Reach Beyond - Advice from a New-Comer

Peter Wilken (November 2008)

Thanks Coco!

It was Coco, our uber-friendly chocolate Labrador puppy, who introduced me to Louise, the editor of this magazine, in a lick-fest on the beach by the Maritime Museum (the dog and Louise, not me and...well you know what I mean).

By chance, I was wearing an old BBDO Asia Pacific T-shirt. In a former life I ran BBDO's Asia Pacific region out of Hong Kong. Louise commented on it, and we got talking. “How about a piece on your thoughts about what Vancouver can learn from the rest of world?” she suggested.

So, after 25 years in communications, brand and business consulting working around the world, if the Vancouver communication industry came to me for advice, what would I say?

It’s unapologetically subjective and, after only a year here, little more than skin-deep. Then again, when I consult to CEOs on change management, I encourage them to pay special attention to the newcomers. Why? Because they’re the ones most likely to ask the 'dumb questions' that challenge the status quo; they haven’t been brainwashed by the establishment and their cultural naivety is an asset.


Three Themes

Three of my favourite themes appear to me to be particularly relevant here:
1. Stretch your horizons. Reach beyond.
2. It’s ideas that count, not the style.
3. Focus, and collaborate.

Reach Beyond

Smash the imaginary dome over BC that’s limiting your horizon. Brilliant ideas and good strategy aren’t bound by geography or culture. Vancouver has an entrepreneurial culture and, from what I’ve seen, this applies to the communication industry. There are some very smart, talented, creative people here with the power to change the world with their ideas. Today, 60% of British Columbia’s GDP is from small companies, BC is a hotbed of entrepreneurialism, and it could become a mecca for ideas companies.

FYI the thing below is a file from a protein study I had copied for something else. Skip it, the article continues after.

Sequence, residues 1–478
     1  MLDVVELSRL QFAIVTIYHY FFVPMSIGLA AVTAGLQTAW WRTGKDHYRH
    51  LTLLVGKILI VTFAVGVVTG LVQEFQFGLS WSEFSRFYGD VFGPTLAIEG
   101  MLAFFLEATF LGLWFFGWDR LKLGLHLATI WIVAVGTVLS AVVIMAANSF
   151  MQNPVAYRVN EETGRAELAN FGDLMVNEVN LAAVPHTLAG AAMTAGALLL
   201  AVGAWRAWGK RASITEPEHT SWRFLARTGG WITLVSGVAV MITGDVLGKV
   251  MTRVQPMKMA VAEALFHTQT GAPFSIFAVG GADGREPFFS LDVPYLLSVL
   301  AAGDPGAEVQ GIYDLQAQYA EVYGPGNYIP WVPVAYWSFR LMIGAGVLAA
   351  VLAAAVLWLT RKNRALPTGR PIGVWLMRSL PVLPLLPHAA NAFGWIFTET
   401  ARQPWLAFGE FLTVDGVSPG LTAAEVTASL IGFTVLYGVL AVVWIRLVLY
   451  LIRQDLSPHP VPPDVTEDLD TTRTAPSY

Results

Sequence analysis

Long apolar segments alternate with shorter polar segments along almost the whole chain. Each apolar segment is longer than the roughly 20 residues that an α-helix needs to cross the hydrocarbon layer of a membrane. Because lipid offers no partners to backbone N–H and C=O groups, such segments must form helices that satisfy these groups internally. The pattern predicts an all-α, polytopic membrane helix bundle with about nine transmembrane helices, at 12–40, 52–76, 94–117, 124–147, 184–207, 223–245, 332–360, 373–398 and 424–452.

Why be limited to a BC client-catchment area? And why the tendency to look eastward to Toronto, New York or London?

In my day, the large networked-agency headquarters tended to view their smaller provincial offices as remote out-posts, necessary to keep the local clients happy, but not capable of generating the world-beating campaigns. But that's changed—the currency of the large traditional agency networks is now much diminished, both as a percentage of revenue and source of innovative ideas.

Twenty-five years ago the percentage of total communications services expenditure spent on the traditional channels of television, print and radio, cinema and outdoor would have been in excess of 75%. Today, companies like WPP (which accounts for 10% of total expenditure alone) have 54% of their revenues from 'alternative' marketing services--and are pushing for this to become two thirds of the mix. The diversification of these mega-communication groups has resulted in a rash of specialist consultancies and companies that provide creative services, idea generation and brand consultancy, all traditionally the territory of the advertising agency groups.

Change occurs at the periphery, not at the centre, or by committee. When there’s a fundamental change to the set of rules we’ve become used to (it’s called a paradigm shift but I hate that jargony expression), it’s normally created by the satellites, the mavericks or experts from other disciplines that challenge conventional wisdom with upside-down thinking. Charles Handy likened the change agents to fleas (the small companies) dancing around the ears of elephants (the big companies).

The old set of rules said: ‘We’re small because our clients are small. They're provincial clients mostly with small budgets. We’d like to deal with bigger international clients, but our HQ in (insert Toronto, New York, London or wherever) deals with them.’

The new set of rules says: ‘Every business wants brilliant ideas to build its brands and its business. We don’t have to be big to develop big ideas. We do need the confidence, competence and culture to do it, and we have that.'